“Let’s stick around awhile. This excitement has put us behind in our drinking.”
That assessment of the situation really isn’t too surprising. It came from Nick Charles, former private detective, now married to Nora Charles and – we are told – managing her financial affairs in lieu of actually working. Both of the Charleses certainly seem to have no difficulty putting away their share of near-the-end-of-Prohibition liquor.
But, alas, the course of true drinking never did run smooth, as William Shakespeare probably would have said had he known Nick Charles. So when a young woman asks Nick to help look for her missing father – who may have murdered his lover – Nick is more-or-less forced into helping. I mean, everybody seems to think that he’s involved…the daughter, her peculiar brother, the missing man’s ex-wife, the lawyer, the cops, the gangsters…so what choice does he have?
Welcome to the world of Dashiell Hammett in The Thin Man, Hammett’s last novel and one that, along with his other novels and short stories, helped to define the American hard-boiled mystery story for generations to come. The Thin Man is the subject of this week’s audio review on the Classic Mysteries podcast, and you can listen to the entire review by clicking here.
the missing man is named Clyde Wynant, a scientist who may be working on something for the government. He also may have murdered his secretary, who is also his mistress. Despite his protests, Nick is drawn into the case, winds up getting himself wounded in a confrontation with a small-time gangster, more-or-less helps the police, and so forth. There are a number of murders, of course, before Nick comes up with the genuinely surprising solution. It’s what you would expect from a top-of-the-line American Private Eye novel, and it is so well written, with so much genuinely funny dialogue and oddball situations, that it really set the standard for this kind of American detective fiction.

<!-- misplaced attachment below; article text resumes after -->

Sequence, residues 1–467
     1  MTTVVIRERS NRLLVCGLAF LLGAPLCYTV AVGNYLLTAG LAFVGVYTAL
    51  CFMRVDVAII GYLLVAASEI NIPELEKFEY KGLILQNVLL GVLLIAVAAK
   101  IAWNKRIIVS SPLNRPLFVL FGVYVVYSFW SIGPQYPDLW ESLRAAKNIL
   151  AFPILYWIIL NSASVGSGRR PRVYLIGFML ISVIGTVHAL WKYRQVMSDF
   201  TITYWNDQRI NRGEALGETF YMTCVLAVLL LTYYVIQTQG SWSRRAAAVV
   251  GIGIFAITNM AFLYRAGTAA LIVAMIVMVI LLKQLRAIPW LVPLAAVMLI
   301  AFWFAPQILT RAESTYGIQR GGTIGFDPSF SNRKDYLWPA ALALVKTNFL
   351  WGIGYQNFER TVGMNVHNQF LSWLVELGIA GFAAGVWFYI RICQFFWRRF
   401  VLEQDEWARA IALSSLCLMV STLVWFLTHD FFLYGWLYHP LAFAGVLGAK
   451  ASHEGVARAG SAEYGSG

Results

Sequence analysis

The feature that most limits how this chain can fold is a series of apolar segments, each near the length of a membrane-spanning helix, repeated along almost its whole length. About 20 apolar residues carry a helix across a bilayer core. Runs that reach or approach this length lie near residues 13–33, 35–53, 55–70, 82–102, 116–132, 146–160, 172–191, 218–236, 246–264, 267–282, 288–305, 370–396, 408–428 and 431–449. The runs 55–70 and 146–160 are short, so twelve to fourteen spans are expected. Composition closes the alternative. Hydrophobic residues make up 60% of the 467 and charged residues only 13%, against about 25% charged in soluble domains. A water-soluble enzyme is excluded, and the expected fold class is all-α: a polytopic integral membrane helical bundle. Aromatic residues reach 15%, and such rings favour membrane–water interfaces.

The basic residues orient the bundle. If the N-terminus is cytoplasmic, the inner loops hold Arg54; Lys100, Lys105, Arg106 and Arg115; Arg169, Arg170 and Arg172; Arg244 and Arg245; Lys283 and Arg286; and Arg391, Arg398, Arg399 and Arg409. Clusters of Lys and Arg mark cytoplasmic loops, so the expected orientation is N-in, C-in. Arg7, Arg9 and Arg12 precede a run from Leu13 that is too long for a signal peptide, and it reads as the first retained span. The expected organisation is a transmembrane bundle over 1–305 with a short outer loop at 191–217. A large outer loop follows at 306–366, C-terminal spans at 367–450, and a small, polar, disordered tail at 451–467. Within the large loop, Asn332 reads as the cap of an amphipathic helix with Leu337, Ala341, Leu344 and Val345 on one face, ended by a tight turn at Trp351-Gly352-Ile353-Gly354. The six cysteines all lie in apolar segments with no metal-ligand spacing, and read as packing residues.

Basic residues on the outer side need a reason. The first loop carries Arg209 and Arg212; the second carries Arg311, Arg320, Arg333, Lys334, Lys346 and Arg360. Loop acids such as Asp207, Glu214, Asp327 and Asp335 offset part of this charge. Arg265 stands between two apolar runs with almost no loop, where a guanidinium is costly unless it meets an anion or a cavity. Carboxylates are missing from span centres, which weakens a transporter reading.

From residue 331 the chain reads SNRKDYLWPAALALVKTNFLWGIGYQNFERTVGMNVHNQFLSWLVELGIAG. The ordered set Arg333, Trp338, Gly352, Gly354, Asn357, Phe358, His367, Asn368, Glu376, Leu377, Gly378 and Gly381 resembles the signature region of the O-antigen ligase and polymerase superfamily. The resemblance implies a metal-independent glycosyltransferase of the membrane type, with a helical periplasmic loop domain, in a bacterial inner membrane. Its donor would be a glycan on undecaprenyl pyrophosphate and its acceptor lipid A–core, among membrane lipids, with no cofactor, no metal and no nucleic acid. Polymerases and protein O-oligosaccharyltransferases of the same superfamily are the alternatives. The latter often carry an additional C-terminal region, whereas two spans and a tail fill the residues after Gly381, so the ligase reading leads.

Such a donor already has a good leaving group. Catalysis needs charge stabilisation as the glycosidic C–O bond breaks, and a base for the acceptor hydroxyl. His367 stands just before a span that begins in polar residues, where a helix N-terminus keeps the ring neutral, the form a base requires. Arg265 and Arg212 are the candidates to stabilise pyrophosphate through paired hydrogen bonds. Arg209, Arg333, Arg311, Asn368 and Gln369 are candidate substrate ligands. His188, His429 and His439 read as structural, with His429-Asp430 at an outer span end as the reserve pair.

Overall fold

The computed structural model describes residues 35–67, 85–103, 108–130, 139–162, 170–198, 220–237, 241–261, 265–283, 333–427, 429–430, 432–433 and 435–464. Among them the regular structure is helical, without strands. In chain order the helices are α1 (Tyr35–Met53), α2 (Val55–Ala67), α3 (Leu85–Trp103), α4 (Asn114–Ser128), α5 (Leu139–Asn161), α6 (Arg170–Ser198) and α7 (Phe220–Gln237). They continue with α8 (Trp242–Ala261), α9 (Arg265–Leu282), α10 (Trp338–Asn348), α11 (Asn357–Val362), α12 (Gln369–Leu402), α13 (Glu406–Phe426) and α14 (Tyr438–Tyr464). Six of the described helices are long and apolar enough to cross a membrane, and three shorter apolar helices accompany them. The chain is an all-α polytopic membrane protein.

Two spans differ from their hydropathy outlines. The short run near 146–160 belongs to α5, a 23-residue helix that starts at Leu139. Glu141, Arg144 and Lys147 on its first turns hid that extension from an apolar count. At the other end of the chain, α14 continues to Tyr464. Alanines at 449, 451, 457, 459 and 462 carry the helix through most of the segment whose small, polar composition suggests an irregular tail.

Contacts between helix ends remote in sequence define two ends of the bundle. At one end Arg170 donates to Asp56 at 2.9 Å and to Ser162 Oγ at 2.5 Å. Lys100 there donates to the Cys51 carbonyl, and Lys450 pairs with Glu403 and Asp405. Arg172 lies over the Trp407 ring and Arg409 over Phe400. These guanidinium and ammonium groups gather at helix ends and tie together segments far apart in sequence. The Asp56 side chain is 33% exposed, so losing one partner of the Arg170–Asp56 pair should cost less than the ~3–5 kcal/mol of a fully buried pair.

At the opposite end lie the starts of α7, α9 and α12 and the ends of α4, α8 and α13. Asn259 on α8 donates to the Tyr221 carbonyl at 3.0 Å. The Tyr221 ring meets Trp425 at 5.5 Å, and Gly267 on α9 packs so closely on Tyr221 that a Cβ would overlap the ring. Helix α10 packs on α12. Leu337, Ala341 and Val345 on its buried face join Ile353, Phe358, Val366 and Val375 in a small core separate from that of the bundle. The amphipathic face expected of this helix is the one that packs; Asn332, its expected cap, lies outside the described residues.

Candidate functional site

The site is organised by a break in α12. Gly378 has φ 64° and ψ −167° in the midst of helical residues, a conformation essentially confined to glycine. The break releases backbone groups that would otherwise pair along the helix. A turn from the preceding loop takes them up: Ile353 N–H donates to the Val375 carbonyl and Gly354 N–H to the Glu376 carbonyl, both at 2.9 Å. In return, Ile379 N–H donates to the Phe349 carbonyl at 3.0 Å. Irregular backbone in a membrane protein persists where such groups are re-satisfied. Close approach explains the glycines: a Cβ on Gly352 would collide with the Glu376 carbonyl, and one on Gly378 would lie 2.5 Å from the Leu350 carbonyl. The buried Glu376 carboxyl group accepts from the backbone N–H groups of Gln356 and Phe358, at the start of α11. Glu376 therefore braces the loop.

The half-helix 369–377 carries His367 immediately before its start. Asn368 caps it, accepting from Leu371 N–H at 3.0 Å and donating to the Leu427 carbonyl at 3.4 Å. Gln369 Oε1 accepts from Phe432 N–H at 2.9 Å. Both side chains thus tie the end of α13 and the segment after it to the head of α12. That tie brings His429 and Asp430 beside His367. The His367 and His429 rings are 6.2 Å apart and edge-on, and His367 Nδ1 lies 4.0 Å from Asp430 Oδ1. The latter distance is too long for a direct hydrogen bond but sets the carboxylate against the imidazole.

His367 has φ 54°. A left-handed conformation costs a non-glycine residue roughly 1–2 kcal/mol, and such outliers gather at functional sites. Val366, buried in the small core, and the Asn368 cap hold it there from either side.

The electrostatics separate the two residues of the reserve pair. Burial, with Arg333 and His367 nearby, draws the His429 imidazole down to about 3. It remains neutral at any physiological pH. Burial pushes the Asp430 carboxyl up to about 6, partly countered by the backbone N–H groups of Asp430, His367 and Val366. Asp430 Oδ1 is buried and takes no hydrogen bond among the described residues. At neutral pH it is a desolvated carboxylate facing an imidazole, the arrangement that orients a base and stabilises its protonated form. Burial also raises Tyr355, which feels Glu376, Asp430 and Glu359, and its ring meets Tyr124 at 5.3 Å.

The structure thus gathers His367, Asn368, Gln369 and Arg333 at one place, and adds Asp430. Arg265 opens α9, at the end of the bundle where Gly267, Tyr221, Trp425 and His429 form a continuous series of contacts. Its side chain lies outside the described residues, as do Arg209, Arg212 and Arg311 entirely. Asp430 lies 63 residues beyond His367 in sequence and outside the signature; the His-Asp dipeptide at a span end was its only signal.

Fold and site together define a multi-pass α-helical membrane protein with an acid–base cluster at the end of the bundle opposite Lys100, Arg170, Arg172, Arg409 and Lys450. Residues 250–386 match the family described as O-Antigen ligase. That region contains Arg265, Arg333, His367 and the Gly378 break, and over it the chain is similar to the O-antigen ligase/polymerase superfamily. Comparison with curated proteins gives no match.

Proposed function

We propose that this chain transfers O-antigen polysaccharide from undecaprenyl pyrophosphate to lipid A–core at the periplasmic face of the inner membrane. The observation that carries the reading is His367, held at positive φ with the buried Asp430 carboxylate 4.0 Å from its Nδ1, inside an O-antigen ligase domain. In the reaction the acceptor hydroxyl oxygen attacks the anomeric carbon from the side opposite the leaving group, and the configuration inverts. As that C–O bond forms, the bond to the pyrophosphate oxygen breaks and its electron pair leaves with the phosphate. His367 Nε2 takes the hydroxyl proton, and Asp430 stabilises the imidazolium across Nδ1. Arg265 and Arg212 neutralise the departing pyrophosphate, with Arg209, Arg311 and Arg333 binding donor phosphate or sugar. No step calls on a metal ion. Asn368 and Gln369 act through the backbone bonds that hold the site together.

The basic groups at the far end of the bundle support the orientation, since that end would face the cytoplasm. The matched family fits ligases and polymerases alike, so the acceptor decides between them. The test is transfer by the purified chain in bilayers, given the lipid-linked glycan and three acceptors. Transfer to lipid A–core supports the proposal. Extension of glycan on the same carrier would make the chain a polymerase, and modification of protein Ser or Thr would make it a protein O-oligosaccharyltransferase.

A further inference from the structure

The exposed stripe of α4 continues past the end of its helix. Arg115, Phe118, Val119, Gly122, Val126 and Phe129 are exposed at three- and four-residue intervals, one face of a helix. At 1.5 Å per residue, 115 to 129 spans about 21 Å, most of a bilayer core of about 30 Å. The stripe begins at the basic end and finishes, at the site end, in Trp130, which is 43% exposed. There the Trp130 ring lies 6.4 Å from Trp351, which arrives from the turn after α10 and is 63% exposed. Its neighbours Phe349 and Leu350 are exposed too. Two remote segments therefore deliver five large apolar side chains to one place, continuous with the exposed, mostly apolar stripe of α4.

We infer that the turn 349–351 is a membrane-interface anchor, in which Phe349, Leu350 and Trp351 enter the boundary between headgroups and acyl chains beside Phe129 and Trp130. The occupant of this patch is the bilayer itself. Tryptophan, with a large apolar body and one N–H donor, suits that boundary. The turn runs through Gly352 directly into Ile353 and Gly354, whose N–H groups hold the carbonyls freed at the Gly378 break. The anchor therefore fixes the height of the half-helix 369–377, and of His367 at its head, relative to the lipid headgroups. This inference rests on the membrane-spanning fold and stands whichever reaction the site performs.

I have to agree with Raymond Chandler, generally regarded as Hammett’s successor in shaping the American mystery story, who said of Hammett, “Hammett was the ace performer… He was spare, frugal, hard-boiled, but he did over and over again what only the best writers can ever do at all. He wrote scenes that seemed never to have been written before.”
The Thin Man was made into a movie starring William Powell and Myrna Loy as Nick and Nora Charles. Though Hammett never wrote another book about Nick and Nora, the movie spawned a number of sequels. The movie dialogue and situations are generally light and very funny. A lot of the humor is present in the book as well, but the overall tone, I think, is darker, more noir-ish than the movies. If you haven’t read The Thin Man yet, you’re missing a real treat.
Here’s another early mystery classic that qualifies for the Vintage Mystery Reading Challenge under way at the My Reader’s Block blog. As others participating in the challenge had already reviewed The Thin Man, I am putting it in the category, “Somebody Else’s Crime.” If you aren’t checking the challenge results, you’re missing a potential treat – last time I looked, there are links from the challenge to nearly 200 reviews of classic, pre-1960 mysteries. I’ll bet you’d find some there to enjoy!